You can enter each site only once using the card. No repeat vists are allowed.
Popular sites include Pompeii, Herculaneum, Paestum and it's museum, and the Naples Archaeological Museum. Included are also a variety of discounts on local services and tourist attractions.
In Paestum, you will receive access to the site and museum, as well as discounts at the bookshop. The card also offers holders a discount on guided night tours of the site.
The road alongside the site is closed to traffic and is lined with shops and cafes where you can buy souvenirs, postcards and snacks. Just to the side of the museum is a little square with an excellent pizzeria, the church and the local tourist office.
Fondest memory: Unfortunately I did not actually go into the Pizzeria but I did get a taste. We were supposed to be on a half day trip but it would obvioulsy be well past luch time by the time we got back to base. A couple in our group bought two big pizzas to eat on the coach on the way back ...but the coach driver would not allow food to be eaten on his coach and he was waiting to leave ...hence the pizza was quickly shared out..and it was delicious, after all this is the home of the Pizza Margherita,.....but eaten too quick for a pic!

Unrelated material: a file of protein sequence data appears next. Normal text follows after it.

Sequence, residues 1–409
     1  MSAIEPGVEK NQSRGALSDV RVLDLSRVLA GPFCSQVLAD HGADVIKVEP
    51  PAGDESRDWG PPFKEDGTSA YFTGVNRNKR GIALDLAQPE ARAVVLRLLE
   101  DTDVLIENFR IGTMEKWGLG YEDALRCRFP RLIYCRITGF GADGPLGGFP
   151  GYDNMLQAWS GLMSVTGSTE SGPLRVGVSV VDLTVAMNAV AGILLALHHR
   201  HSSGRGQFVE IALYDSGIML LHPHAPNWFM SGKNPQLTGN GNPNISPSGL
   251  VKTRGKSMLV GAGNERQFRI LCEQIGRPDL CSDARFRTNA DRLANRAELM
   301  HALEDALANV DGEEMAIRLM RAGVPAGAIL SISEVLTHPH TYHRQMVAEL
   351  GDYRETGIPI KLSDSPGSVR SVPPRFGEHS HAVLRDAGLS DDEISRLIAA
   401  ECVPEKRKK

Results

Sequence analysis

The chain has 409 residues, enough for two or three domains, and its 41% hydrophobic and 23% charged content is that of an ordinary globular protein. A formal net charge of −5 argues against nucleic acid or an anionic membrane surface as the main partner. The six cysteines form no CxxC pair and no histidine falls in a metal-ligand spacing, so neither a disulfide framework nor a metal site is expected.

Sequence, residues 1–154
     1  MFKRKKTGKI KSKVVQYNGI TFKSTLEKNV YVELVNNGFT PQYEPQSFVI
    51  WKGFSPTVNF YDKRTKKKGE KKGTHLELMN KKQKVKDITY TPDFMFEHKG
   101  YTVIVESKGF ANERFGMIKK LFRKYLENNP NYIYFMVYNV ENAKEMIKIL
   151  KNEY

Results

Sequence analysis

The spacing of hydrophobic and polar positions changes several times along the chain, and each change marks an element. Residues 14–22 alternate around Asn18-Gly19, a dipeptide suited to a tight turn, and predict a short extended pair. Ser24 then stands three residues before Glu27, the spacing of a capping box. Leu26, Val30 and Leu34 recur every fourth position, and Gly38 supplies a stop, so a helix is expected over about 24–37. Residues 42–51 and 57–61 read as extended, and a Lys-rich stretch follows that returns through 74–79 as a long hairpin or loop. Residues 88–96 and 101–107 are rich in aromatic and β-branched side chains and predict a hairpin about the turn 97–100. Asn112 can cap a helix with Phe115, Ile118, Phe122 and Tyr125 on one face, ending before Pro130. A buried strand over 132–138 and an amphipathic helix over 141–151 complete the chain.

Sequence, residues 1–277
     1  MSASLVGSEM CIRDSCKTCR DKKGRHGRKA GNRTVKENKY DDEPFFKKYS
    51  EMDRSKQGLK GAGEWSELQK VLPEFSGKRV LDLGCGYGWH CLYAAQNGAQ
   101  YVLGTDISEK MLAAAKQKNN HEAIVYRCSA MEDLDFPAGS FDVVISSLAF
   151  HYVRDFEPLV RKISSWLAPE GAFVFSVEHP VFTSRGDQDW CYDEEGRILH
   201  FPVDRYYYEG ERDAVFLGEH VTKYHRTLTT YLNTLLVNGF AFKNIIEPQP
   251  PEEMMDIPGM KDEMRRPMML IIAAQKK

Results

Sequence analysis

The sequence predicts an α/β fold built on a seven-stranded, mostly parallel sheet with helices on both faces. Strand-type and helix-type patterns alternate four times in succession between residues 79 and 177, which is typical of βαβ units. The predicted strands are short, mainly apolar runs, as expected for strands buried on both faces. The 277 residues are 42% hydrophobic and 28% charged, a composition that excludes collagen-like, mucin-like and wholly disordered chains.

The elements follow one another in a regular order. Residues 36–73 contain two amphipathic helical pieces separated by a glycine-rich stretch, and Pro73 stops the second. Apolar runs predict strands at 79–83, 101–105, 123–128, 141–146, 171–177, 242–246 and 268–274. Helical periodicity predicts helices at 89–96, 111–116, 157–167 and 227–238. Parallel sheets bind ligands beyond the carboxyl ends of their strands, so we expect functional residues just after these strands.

The city declined due to swamps taking over and destroying the arable land around. The natural springs around were highly calciferous and the towns drainage channels became clogged with calcium deposits eventually turning the city into a swamp.
Malaria became a big problem and killed many, the city was eventually abandoned.
Knowledge of the temples was not lost but interest was only re-kindled in the 1800's when Pompei was discovered. The unhealthy environment discouraged visitors and it was not until the 20th century that proper excavations began.
I'm glad they did this is such an amazing site.
Approx fifty-five miles (ninety kilometers) south of Naples, Italy, lies the ancient city of Paestum - the finest preserved Greek temple complex in the Mediterranean world.
Fondest memory: The day before we had rushed around hot and dusty Pompei for two hours, knowing we would not see everything, yet still feeling frustated at that fact when it was realised.